Florida veterans treatment court comes up short of mentors
The Manatee County Veterans Treatment Court held its first session in Bradenton, Fla. on Aug. 6, 2015, before Circuit Judge Andrew Owens Jr. as a way to help vets who enter the judicial system get treatment and assistance.
But one of the stumbling blocks for the program has been finding enough veterans to mentor those trying to find their way back into society.
“Mentors are what make the program a success,” Chris Landis, Veterans Treatment Court services coordinator for the 12th Judicial Circuit, said Thursday at the Manatee County Veterans Council meeting.
There are only six mentors now serving all of Manatee and Sarasota, and about 20 are needed, Landis said.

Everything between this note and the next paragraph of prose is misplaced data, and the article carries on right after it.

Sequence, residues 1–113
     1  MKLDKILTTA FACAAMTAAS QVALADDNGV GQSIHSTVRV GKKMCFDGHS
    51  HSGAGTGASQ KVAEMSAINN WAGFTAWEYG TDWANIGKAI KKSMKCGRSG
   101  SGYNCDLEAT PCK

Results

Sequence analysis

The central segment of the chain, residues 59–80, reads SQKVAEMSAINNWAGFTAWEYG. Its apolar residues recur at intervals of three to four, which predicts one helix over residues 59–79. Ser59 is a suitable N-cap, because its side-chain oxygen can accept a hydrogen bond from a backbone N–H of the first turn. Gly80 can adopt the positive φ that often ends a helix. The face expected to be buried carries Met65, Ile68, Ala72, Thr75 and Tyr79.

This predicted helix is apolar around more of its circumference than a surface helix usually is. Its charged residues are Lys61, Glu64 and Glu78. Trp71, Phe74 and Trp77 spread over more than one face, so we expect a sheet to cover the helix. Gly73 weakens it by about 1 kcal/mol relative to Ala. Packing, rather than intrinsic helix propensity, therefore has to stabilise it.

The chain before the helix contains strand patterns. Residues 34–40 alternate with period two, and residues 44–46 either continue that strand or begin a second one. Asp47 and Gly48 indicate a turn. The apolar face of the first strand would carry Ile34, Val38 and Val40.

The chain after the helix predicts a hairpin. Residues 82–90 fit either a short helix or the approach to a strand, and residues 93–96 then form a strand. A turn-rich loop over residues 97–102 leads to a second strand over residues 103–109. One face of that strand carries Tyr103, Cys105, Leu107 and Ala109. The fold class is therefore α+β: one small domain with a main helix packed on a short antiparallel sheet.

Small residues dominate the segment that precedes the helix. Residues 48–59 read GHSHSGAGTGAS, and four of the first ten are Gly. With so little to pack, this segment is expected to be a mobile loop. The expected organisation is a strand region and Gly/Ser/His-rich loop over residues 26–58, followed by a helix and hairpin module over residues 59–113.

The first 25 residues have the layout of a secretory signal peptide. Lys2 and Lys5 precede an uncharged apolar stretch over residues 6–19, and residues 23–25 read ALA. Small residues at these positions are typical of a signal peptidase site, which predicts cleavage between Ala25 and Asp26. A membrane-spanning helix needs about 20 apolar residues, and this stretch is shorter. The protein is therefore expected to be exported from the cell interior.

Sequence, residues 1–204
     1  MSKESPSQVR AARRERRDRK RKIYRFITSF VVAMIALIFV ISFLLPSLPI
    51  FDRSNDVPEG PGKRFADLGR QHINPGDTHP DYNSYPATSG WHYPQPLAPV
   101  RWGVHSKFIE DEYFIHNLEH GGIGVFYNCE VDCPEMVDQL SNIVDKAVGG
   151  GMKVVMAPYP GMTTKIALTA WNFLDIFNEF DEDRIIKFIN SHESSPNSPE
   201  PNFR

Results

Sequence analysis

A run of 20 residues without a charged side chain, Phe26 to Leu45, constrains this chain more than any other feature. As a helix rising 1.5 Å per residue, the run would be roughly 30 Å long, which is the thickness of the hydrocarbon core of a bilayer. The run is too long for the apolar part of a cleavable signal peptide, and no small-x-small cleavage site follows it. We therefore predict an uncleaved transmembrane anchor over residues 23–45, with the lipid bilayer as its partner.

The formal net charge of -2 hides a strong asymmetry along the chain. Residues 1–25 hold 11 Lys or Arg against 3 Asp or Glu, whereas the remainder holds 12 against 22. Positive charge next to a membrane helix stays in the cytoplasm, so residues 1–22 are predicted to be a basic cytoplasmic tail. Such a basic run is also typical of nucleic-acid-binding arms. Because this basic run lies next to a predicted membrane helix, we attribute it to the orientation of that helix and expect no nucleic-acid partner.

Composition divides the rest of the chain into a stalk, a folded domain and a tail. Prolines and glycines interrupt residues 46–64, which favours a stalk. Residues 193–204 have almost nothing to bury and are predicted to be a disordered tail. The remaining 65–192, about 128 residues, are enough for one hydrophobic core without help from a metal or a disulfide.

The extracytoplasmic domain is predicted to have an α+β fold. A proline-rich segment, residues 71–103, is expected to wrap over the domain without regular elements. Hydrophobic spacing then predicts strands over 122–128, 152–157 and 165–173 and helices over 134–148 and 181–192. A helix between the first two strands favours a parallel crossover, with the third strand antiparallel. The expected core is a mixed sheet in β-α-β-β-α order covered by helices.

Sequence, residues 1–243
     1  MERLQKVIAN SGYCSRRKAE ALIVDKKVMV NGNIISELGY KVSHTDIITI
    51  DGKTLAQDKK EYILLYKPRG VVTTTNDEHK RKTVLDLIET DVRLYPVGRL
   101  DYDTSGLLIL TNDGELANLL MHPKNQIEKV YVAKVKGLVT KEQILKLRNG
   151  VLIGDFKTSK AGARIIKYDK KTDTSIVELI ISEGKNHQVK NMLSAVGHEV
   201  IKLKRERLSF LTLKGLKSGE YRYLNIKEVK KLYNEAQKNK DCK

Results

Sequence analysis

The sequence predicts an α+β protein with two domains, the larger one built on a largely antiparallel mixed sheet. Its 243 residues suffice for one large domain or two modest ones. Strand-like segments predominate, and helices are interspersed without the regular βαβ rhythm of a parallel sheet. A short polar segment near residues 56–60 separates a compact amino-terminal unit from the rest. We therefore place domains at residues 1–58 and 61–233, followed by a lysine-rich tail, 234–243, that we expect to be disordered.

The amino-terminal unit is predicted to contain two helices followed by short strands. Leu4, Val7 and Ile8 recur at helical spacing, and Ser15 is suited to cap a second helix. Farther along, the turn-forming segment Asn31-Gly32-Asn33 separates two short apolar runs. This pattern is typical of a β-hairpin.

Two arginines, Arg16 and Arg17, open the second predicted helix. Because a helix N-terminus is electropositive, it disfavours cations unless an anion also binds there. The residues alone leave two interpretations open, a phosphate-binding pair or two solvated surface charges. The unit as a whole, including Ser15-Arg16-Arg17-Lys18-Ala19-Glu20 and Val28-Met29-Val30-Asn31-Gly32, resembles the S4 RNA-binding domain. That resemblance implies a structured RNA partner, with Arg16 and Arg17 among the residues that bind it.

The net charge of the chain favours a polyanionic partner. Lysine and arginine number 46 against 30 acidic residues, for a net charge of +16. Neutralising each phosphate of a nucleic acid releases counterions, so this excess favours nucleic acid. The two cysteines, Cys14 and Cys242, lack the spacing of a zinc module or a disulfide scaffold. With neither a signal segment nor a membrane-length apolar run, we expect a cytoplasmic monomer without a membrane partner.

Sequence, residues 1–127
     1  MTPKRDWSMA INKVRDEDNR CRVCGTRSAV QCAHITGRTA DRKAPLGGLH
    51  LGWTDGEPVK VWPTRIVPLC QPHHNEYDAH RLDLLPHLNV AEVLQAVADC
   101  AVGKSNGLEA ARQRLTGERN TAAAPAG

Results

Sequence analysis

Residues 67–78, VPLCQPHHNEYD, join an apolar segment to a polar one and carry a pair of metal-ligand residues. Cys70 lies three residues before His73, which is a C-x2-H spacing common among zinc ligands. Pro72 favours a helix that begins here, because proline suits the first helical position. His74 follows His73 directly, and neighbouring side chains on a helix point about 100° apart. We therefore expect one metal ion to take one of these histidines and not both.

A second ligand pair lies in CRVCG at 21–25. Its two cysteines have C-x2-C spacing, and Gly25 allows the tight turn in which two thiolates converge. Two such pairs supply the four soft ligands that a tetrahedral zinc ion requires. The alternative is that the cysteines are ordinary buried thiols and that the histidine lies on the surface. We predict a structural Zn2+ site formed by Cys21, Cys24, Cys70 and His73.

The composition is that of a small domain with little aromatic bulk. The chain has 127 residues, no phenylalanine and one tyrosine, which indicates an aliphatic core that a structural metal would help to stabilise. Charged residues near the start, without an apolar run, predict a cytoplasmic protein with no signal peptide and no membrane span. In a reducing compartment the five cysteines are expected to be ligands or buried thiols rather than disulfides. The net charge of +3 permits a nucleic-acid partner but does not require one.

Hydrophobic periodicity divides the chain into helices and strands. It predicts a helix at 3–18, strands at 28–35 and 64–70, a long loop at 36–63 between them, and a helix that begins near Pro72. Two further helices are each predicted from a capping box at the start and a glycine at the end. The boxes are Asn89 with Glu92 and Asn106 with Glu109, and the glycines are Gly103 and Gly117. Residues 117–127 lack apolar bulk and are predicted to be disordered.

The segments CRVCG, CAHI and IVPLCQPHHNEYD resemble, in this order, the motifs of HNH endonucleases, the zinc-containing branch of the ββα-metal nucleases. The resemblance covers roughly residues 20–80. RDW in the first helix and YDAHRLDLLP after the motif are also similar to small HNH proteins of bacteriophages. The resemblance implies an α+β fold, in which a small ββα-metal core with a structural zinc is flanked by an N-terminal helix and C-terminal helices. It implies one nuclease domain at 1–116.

An estimated 500 veterans enter the criminal justice system annually in Bradenton-Sarasota, and the veterans court is intended to assist those facing lower level charges.
“Veterans court has a 90 percent success rate,” Landis said. Veterans interested in mentoring may contact Landis at firstname.lastname@example.org.
Also appearing at Thursday’s Veterans Council meeting was John Secor, Sarasota Film Festival producer.
The festival has launched “Project Rebirth” to teach documentary filmmaking to post-9/11 veterans.
“This is our first year. We started with four veterans, and they are really going to town. They are so into it,” Secor said.
The mission of Project Rebirth is to “facilitate healing, foster hope and build resilience.”
This year’s veteran-produced documentary focuses on veterans treatment court and is set to be shown April 4 during the Sarasota Fim Festival.
Organizers hope to double the class size for Project Rebirth. For more information, email email@example.com.
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